Friday, August 31, 2012

We are cedar choppers!

What a slacker I’ve been. I can only claim summer as an excuse, though the date would indicate that summer is about over. GET TO WORK, SISTER!

This coming weekend marks a year since the Labor Day fires in Bastrop. Numerous fires sprang up that weekend, and we spent a nervous few days frequently scurrying upstairs to peer out the windows, watching for smoke nearby. As you may recall, I vowed to clear brush away from our house. (See Snow White and Me.)

Yesterday my oldest son and I worked on the west side of our house, where the cedar (Ashe juniper to be precise) stood close by, looming ominously over the driveway.  He has worked out there several days, but this time I helped by dragging brush and stacking firewood.

Walker is a U.S. Forest Service-certified sawyer, courtesy of a summer spent maintaining trails with the forest service in South Dakota. I am the proud owner of a chainsaw, but I’m not certified. Perhaps certifiable . . . oh, let’s not go there. Suffice it to say that we deemed it wiser for him to handle the dangerous equipment.

It looks so nice out there now. We are not deforesting the area, simply lifting the canopy, as fire would do if we (by that I mean Americans in general) could let fires race through periodically to burn the underbrush.

These two sad live oaks are right outside my office
window. The one in front has a few leaves,
but is not long for this world.
Last evening, sunlight angled through sparser foliage and illuminated patches of green grass and brown mulch here and there. This effect is my favorite part of clearing (after the part where our house doesn’t burn down in a wildfire).

Next on the chainsaw agenda:  Lots of trees - cedar and live oak - succumbed to the drought. Cedars continue to die, despite the rains that fell over the winter.  We need to take the dead trees down and process them into firewood-sized pieces.

Good thing there’s a certified sawyer in the house.

Favorite spot in the garden:

My garden looks grim right now. We’ve had no appreciable rain since July 15. The days are long and hot. I have been watering enough to keep things alive (maybe), but not enough to keep things show-worthy.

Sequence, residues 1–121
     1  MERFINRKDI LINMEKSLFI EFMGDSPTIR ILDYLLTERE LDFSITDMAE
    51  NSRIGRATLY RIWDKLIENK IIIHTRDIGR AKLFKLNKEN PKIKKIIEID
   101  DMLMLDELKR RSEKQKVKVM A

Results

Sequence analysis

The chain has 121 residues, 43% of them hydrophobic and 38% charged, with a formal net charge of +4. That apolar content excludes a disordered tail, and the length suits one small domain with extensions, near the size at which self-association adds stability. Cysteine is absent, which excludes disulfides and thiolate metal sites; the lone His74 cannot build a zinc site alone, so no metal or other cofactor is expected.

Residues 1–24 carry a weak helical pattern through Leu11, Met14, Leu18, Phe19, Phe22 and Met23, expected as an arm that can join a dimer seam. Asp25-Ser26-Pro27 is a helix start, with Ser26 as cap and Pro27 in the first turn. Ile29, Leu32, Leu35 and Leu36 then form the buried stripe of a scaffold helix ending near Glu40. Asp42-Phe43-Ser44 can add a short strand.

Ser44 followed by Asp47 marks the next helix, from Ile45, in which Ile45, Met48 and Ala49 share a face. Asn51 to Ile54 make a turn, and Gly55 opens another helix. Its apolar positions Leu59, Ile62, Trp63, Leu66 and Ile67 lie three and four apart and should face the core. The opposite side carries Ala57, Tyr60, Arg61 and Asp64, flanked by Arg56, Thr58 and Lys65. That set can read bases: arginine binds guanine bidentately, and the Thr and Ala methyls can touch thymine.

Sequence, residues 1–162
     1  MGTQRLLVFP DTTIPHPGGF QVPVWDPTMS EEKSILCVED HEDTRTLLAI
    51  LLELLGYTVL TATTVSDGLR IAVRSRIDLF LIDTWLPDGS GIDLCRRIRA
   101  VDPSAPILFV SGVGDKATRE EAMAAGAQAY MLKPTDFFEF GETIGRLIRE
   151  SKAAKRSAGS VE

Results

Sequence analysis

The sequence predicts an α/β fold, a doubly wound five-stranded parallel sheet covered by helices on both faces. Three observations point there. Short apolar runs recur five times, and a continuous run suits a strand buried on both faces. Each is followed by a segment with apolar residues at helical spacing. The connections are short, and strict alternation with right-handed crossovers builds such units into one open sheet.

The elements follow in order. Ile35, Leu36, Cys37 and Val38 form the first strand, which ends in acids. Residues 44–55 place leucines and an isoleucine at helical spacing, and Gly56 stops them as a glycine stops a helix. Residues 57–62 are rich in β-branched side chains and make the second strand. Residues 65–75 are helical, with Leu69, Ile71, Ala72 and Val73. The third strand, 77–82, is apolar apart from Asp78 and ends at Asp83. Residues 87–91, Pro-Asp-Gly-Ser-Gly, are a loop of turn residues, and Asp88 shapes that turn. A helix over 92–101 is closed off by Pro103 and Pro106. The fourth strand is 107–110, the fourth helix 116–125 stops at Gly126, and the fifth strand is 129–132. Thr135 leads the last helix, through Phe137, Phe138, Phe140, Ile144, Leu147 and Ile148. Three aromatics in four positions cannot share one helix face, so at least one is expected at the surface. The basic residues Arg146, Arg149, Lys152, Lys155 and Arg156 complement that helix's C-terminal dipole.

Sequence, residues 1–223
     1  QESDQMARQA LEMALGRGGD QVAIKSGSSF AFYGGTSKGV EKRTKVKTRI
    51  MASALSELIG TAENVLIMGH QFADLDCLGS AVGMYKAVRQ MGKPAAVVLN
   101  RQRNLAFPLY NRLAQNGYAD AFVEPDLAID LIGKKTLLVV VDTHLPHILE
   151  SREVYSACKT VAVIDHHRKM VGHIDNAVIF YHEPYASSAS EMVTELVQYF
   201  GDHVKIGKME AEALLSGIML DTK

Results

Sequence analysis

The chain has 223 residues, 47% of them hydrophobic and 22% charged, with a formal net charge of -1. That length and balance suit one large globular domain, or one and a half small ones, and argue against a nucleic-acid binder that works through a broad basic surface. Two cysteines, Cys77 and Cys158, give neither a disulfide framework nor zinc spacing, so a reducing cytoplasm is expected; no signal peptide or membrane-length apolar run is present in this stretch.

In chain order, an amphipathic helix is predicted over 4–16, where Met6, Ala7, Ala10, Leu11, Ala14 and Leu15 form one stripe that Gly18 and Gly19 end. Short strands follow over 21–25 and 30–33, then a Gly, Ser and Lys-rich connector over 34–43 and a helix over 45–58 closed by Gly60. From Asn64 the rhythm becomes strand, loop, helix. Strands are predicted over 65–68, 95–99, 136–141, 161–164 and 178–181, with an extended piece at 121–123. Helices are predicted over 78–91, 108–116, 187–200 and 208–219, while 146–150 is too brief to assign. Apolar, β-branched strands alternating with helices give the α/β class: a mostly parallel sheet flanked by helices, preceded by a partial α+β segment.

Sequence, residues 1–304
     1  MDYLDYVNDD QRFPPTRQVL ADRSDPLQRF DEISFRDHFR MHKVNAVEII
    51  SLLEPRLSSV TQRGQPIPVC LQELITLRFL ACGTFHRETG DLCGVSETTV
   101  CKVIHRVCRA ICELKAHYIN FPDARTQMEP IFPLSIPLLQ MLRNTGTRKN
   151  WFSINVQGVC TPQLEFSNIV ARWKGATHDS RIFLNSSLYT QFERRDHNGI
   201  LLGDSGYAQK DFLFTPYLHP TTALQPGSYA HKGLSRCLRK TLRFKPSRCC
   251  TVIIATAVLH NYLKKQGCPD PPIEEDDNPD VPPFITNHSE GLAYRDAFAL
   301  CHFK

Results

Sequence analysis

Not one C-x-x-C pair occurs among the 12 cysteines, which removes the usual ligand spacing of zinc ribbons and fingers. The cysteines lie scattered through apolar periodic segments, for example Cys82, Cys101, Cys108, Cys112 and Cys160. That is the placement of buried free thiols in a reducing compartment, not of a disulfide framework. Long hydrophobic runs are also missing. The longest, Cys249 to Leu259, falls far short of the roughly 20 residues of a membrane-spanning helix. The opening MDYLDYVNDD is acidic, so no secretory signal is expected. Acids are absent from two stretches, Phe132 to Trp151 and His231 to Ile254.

However, the tried and true flame acanthus (Anisacanthus quadrifidus var. wrightii) continues to bloom gaily, enticing hummingbirds to linger outside my office window. Even the volunteer plants, which receive no supplemental water, are blooming, though not as prolifically as the one in my bed (which does get roof run-off, when it rains). By the way, I have watered it once this summer.  That’s right, once.

Thursday, August 16, 2012

There's no place like home.

I love these morning glories!!

There’s no place like home. <click click> There’s no place like home.

After most of three weeks on the road, we are settled in back home, awaiting the start of the school year.  We spent two weeks in Colorado (oh, those 45 degree mornings!) followed by a week touring southeast Texas visiting relatives.

Unloading the car after the Colorado portion, I looked around my woods, and thought, “Something’s missing.” I promptly realized it was the tall trees and mountains that I had been looking up to for the past 10 days.

Note from Colorado:  Did I mention we saw a bear? Pretty exciting stuff for us life-long Texans! Luckily we did not see him in our tent (!), but he was fairly close to our campsite, loping across the road in front of our car at straight up noon. I always thought this would be the perfect way to see a bear – when I’m in my car and he’s not.

Trusty summer bloomers - flame acanthus
(Anisacanthus quadrifidus var. wrightii).
Note from southeast Texas:  Do you know that people in southeast Texas use sprinklers to water lawns? I find I am mesmerized by sprinklers clicking and spraying water, not to mention by green lawns. Neither of these things is common in my neck of the woods.

The day after we drove north a huge storm delivered over two inches of rain. We came home to a tattered jungle. The rain powered a huge growth spurt, and then the heat put the whammy on all that new growth.

Bit by bit, I am watering and mowing. It’s too hot to do much out there (at or near 100 degrees each afternoon). But I will reclaim my yard, and slowly shape things up for the cooler weather to come.

I've featured these bachelor buttons (Gomphrena globosa 'Fireworks')
before - but they just keep blooming and spreading!

We had some casualties of our vacation:  we are down to two chicks out of the 12 we had before we left.  We’re not sure how they met their demise, though my husband did find and dispose of a 3.5-foot rat snake in the chicken coop.

This Brazilian rock rose
(Pavonia braziliensis)
piggybacked its way into
my garden.
(Truly, it’s a wonder chickens as a species have survived.  You may have read this here before, but let me reiterate: Chickens are not bright.)

Vacations are wonderful, and I do love the mountains, but I am glad to be home and am eager to resume my dispatches from the hill.

And no, Aunt Em, it was definitely not a dream!

As for wildflowers, the white heliotrope (Heliotropium 
tenellum) continue to steal the show. These are beside
my driveway and have gotten no supplemental water.

Now for my Garden Bloggers Bloom Day report:

Thanks to that rain a month ago, my summer stalwarts are blooming. Things are hot and dry, but are a whole lot better than this time last year!  Hope you enjoy my blooms!

The flame-leaf sumac (Rhus lanceolata) is blooming and setting fruit. I've never noticed how lovely the berries are at this stage - then again, these might be the buds.
I happened to catch a bee enjoying the blossoms on the same tree.

Stop by May Dreams Gardens to see what’s blooming in a variety of other gardens.